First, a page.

Authors: Heather Douglas
Abstract: Many scholars consider social entrepreneurship to be a special form of entrepreneurial practice; however, a review of the literature reveals practitioners consider their work to be more of a civil society activity than an entrepreneurial business. This suggests social entrepreneurship education should concentrate on incorporating knowledge of civil society and understandings of theories such as social justice, social identity and social movements. A productive approach to education in this field is to incorporate experiential learning in which students engage actively with social entrepreneurship startup or operation. Assessment involves the student comparing theory with the events that occurred in practice. This paper offers guidance for any university that is considering offering social entrepreneurship education. It also provides an overview of this complex practice that will be helpful for policy makers and commercial firms interested in social business.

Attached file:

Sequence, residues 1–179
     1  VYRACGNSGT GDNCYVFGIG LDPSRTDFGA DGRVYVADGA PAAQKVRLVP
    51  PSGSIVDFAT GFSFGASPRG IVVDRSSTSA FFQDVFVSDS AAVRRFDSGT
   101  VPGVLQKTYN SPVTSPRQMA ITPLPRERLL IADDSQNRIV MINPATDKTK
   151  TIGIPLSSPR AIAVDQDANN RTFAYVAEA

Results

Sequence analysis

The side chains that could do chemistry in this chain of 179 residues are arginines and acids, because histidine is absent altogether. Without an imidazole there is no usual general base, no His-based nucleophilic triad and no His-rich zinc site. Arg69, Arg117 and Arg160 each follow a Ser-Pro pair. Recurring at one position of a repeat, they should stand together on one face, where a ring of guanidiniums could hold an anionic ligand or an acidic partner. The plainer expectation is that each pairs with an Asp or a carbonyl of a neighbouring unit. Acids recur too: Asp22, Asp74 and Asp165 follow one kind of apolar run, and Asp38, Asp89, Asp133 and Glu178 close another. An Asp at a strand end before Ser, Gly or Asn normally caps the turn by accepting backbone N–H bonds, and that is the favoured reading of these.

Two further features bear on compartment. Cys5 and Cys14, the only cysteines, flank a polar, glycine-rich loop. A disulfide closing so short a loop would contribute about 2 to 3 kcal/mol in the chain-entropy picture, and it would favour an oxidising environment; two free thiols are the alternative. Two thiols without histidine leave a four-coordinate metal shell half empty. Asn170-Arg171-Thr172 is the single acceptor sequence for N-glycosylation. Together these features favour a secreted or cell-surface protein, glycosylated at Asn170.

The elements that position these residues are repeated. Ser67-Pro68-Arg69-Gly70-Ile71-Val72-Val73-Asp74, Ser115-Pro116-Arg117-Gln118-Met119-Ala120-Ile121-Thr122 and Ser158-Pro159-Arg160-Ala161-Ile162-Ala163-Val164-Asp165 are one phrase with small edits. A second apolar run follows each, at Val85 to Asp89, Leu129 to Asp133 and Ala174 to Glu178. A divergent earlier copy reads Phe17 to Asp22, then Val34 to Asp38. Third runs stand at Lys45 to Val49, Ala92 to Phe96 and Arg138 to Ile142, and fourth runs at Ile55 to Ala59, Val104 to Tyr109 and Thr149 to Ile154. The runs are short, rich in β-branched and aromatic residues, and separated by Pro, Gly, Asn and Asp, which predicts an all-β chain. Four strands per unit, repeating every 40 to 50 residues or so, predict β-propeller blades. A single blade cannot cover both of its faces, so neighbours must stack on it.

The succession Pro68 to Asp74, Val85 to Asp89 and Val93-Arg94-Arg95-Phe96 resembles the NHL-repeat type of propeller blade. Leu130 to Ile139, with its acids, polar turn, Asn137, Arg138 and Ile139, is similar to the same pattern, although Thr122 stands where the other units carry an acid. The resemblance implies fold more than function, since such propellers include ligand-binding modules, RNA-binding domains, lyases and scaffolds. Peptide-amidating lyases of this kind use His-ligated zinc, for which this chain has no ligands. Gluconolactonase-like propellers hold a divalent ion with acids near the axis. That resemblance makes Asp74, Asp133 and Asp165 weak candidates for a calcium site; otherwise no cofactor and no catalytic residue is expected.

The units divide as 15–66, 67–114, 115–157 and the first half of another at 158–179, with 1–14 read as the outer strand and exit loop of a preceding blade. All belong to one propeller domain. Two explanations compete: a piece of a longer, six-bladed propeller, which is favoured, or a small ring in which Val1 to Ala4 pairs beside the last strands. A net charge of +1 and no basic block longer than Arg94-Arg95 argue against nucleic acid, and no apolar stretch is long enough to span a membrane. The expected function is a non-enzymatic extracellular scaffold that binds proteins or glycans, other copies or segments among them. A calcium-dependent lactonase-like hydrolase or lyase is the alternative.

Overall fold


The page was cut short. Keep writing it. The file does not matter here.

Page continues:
Keywords: social entrepreneurship education; social enterprise; entrepreneurial practice; pedagogy; Kolb's learning cycle; reflection; experiential learning; higher education.
International Journal of Social Entrepreneurship and Innovation, 2015 Vol.3 No.5, pp.362 - 373
Available online: 16 Oct 2015 *Full-text access for editors Access for subscribers Purchase this article Comment on this article